The wells are numbered uniquely in each county. However, because API numbers were not assigned when the first well was drilled, don’t assume the well numbered 00001 was the first well spudded in the county.
The numbers go to 99,999. There is no longer a reserved slot for proprietary numbers or industry vendor numbers. The numbers assigned by the assigning authority are the official number. However, numbers assigned under the previous guideline (API Bulletin D12A) should be retained.
In Kern County, California, they have actually used up all 99,999 numbers so they have assigned another county code for it. Kern County, California has county code 029 and 030.
The 11th and 12th digits refer to the wellbore code. The first wellbore, or the original wellbore from the surface location, is always referred to as 00.
A subsequent sidetrack or deepening or lengthening is given another number. The actual number that is assigned is the responsibility of the Assigning Authority.
The official standard published by PPDM reserves and defines 1-12 digits. There is no official standard for digits 13 and 14, except for general guidance.
They encourage the use of the digits for physical changes in the wellbore such as plugbacks, completions or any other well conversion that requires some kind of completion.
PPDM is specific about not using this number for wellbores, permits or other types of filings.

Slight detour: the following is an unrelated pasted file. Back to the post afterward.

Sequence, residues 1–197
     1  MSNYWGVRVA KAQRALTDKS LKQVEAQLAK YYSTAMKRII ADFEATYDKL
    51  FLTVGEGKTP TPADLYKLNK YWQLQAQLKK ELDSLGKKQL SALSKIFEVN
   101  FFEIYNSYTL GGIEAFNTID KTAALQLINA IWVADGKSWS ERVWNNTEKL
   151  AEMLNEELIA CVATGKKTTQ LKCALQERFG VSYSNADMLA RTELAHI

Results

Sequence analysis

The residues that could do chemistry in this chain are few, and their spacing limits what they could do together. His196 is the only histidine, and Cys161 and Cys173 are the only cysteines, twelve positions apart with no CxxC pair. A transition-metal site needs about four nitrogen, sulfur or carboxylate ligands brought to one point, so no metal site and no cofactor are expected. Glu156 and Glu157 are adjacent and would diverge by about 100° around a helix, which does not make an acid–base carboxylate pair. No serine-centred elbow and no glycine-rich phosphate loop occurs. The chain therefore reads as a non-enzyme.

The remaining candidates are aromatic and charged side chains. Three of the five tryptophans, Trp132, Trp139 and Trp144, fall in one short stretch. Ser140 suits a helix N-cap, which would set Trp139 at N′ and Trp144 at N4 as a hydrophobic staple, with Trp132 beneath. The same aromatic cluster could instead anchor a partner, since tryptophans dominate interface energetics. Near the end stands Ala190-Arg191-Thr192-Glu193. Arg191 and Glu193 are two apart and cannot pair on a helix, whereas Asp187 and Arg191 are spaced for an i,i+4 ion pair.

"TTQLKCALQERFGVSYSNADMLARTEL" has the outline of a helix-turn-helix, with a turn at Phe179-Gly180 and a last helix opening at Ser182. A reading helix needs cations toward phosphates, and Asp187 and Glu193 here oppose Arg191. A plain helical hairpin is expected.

History of US Well Numbers (AKA API numbers)
A numbering scheme for wells in the US was first developed by Petroleum Information for their WHCS (Well History Control System) that was started in the late 1950’s, and first introduced in the early 1960’s. It was based on an 80 column computer punch card with the well identification number as the key to identify the well.
The American Petroleum Institute (API) formed a subcommittee to standardize the well identification numbers in 1962. The API essentially set the standard for the numbering scheme in the US until PPDM took it over in 2010 on the condition that it be updated. In 2013 they (PPDM) updated the first version and the most recent version in June 2014.
The recommendation of the API back in the 1960’s was to turn the numbering scheme over to the appropriate state agency that was responsible for permitting and overseeing well activities in the state. That transition happened on January 1, 1967 with most state regulatory bodies assigning numbers after that time.
The PPDM latest specification stipulates that the well number should come “from the primary assigning authority and it supersedes any other identifier in public use.” So be sure to use some caution when using an API with an old spud date – make sure the state is supporting that number and it is not one that is made up.
No US Well Numbers
Indiana does not issue US well numbers and Virginia just started issuing them in July of this year. Indiana does have
US Well Numbers? I just know I’m going to do the social equivalent of insulting apple pie, football and hot dogs by calling them API Numbers.